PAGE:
Generally the shape is parabolic and is defined by the equation y=Ax.sup.B, where x and y define the points on the parabola. The original 32a of the x and y graph is the intersection of the shell parting line 32b (the centerline of the shelldefining the "y" axis) and a lie 32c perpendicular to the shell parting line (defining the "x" axis) which is tangent to the tongue tip 32d. Further, A=F[2.sup.B /w.sup.B-1)] where B is a number from 2 to 5, w is the width of the shell in inches, and Fis a number from 1.0 to 0.5. In a preferred embodiment, B is 3, w is 11.5, F is 1.0 and, therefore, A=0.06049. "A", "B", and "F" are constants which were determined experimentally in developing the present invention, and fall within the ranges set outabove, while W is the total width of the shell of the pump, which is equal to the width of the shroud 21 plus a clearance factor of from about 5% to about 10% of the width of the shroud 21.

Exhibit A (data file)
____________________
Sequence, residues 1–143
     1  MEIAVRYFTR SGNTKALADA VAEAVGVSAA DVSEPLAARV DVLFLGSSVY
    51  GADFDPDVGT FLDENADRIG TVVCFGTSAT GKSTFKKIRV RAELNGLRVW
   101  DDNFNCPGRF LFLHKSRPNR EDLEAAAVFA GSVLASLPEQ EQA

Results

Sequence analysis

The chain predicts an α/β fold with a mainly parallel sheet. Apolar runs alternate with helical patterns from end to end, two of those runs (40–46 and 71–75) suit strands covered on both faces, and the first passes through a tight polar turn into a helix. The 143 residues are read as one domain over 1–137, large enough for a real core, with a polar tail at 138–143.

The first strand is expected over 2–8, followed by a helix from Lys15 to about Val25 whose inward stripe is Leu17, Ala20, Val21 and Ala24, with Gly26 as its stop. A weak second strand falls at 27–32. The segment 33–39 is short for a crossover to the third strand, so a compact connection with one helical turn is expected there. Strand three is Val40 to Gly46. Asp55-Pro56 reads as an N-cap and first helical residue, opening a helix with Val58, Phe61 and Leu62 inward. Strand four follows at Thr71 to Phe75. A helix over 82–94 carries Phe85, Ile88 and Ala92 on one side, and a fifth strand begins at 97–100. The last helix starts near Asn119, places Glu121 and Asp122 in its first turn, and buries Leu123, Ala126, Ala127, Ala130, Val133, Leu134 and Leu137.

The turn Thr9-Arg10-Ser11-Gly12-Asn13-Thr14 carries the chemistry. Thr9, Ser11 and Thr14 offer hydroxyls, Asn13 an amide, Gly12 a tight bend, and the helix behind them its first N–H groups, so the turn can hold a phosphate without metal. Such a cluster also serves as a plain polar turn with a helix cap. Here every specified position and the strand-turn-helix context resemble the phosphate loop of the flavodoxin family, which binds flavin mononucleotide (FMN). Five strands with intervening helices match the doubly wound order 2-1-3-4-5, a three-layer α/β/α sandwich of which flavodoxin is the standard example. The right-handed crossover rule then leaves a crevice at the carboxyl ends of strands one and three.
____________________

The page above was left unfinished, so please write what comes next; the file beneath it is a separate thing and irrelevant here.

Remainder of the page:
The following ratios define the critical dimensions of the pump of the invention. The ratio of the impeller outlet area to the shell actual throat area is from about 5.0 to about 9.0, preferrably from about 5.3 to about 5.75. The ratio of theradius of the shell at the tongue to the radius of the shell at a right angle to the branch centerline (as defined earlier) is from about 0.8 to about 0.9, preferably from about 0.85 to about 0.88. The ratio of the impeller outside diameter to theshroud width is from about 5.0 to about 7.0, preferably from about 5.5 to about 6.5. The ratio of the impeller outside diameter to the impeller eye diameter is from about 1.5 to about 3.5 and preferably from about 2.0 to about 3.0. The ratio of theimpeller outside diameter to the radius of the shell at the tongue is from about 1.5 to about 1.8, and preferably from about 1.6 to about 1.75.